Gainesville Renaissance, the $22.4 million mixed-use development on the Spring Street side of Gainesville’s downtown square, broke ground Wednesday, Sept. 16. The development will bring residential space to the square and is one of many changes downtown will see within the next two years.
The three-story project will have six spaces on the first floor, with two reserved for restaurants.
Developer Fred Roddy said Wednesday that no tenants had signed on yet for the first-floor retail space. Due to the COVID-19 pandemic, “it’s just not really a good time to be talking to retail tenants,” he said.
Roddy said he hopes to recruit a variety of tenants for the space.
“We want a dining experience that will keep people here, as opposed to you get dressed up and have to go somewhere out of town to eat,” he said. “We want one or both of these restaurants to be really a place that people are really excited to stay here and enjoy.”
The second floor will house Brenau University’s Lynn J. Darby School of Psychology and Adolescent Counseling.
On the third floor are eight condominiums. Roddy said marketing for the condominiums will start next month, as sales for those had also been temporarily put on hold due to the pandemic.
A small park will run between Renaissance and the Hall County Courthouse, connecting to Roosevelt Square. An art gallery on the first floor will be another partnership with Brenau.
Roddy Properties will develop the project on the half-acre lot purchased in 2019 by Doug Ivester, a Gainesville native and former chairman and CEO of The Coca-Cola Company. Gainesville-based Carroll Daniel Construction will be the builder, and it has been designed by Robertson Loia Roof, an Alpharetta architecture firm.
The Renaissance site has long been privately owned but open for public parking.
Renaissance will receive $2.95 million in funding from the city’s Midtown Tax Allocation District, an incentive program that allows developers to use extra funds from higher property tax payments toward improvements on the property.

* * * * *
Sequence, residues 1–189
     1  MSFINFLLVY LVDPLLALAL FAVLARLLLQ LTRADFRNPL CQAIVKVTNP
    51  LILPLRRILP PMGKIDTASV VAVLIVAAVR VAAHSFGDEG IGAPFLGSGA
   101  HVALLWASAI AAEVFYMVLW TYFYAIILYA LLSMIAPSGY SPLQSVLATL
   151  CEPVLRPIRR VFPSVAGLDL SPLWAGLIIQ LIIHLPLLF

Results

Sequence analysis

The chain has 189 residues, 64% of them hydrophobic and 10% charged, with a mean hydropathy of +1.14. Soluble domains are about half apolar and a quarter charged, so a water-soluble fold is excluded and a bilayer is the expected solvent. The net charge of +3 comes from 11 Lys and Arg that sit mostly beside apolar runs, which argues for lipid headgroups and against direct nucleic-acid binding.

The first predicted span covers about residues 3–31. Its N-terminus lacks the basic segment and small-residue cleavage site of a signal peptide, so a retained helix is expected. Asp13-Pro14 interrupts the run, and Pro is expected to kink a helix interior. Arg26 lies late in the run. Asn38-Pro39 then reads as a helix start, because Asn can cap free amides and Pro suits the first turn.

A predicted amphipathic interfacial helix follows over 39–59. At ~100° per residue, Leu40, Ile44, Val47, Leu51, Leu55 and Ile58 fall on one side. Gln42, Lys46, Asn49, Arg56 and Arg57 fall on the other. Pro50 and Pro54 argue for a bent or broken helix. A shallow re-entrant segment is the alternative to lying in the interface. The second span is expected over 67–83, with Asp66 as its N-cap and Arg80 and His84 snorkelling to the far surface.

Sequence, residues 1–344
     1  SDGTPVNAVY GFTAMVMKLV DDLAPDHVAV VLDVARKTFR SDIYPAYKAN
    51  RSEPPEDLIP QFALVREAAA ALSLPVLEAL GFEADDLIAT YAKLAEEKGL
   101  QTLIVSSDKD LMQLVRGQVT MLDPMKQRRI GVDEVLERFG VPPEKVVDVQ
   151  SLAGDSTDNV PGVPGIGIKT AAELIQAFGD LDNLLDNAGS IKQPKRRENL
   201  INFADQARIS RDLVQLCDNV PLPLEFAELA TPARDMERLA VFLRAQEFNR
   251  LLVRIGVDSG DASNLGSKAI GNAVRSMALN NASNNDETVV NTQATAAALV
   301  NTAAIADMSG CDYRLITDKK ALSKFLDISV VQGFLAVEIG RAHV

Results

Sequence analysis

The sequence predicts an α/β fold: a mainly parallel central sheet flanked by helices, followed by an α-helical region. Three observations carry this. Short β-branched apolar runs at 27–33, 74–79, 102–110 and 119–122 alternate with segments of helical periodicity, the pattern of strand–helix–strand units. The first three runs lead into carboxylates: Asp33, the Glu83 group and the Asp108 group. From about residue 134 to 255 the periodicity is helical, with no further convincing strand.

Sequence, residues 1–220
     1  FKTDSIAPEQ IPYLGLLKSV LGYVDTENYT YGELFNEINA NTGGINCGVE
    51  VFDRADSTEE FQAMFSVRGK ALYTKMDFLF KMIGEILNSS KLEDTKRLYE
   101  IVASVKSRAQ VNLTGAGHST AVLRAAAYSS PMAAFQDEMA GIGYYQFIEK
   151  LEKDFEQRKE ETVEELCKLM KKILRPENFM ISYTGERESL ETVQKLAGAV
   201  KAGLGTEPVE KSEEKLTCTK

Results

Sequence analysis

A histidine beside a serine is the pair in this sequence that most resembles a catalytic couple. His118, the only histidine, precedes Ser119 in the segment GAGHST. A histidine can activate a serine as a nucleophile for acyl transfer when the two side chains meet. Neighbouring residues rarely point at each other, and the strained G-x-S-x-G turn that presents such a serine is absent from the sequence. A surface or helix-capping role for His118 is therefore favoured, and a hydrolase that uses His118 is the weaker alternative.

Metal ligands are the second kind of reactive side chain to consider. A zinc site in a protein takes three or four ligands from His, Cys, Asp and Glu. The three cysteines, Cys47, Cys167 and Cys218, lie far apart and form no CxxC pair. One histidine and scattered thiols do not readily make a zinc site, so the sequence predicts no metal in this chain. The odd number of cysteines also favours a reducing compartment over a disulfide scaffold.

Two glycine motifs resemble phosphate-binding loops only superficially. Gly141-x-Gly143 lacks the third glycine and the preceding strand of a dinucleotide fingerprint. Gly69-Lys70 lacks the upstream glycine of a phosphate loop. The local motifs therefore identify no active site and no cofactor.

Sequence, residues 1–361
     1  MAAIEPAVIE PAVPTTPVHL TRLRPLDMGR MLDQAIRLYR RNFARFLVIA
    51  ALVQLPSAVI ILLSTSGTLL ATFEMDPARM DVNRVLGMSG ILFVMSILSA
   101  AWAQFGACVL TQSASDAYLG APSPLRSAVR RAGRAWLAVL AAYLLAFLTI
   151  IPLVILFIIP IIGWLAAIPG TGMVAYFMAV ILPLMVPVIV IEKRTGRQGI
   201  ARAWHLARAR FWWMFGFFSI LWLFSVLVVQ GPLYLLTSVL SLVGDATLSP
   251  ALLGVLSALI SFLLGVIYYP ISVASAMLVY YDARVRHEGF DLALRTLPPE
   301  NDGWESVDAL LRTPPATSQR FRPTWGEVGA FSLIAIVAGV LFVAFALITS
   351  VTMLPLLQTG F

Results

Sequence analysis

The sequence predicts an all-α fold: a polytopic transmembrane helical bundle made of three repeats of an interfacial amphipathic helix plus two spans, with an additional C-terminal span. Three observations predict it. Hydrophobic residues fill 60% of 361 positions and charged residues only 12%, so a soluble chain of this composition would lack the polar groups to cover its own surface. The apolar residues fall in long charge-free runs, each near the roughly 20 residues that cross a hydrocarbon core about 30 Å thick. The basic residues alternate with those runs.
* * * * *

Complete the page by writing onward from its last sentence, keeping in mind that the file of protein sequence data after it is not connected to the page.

City Manager Bryan Lackey said the city’s downtown master plan identifies the Renaissance lot as “the epicenter for redevelopment in the city of Gainesville.”
“Everything else radiates out from this site,” he said. “Whether you’re going into midtown, Highway 129 South, Jesse Jewell in either direction or going north to Park Hill and Thompson Bridge, it all radiates out from this epicenter.”
Another development, Parkside on the Square, had been planned for the space but fell through in 2019. Ivester and Roddy signed on soon after with proposals for Renaissance.
Gainesville Renaissance, due to open in late 2021, will be one of several developments to change the face of downtown Gainesville in coming months.
“We are really excited about these projects. This one right here is a long time coming,” Mayor Danny Dunagan said. “… We have a lot going on. We’re very fortunate, and we’re very excited.”
Across the Jesse Jewell Parkway pedestrian bridge just a short walk from the Renaissance site, Solis Gainesville is under construction. That project from Atlanta developer Terwilliger Pappas will have 220 apartments and 10,000 square feet of space for restaurants or retail.
Also downtown, the renovated Gainesville branch of the Hall County Library System will open Sept. 21, and across the street from the library at 100 Brenau Ave., the city of Gainesville plans to build a new parking deck. Construction on that parking deck will start in early 2021, Dunagan said Wednesday.
Ivester, who is from the New Holland area of Gainesville, said he expected the development to impact future generations, especially with Brenau occupying space in the building.
“Today, to me, is not about a building,” Ivester said. “Today is about dreams and it’s about giving the people of Hall County the tools and skills and education and the fortitude to realize their dreams.”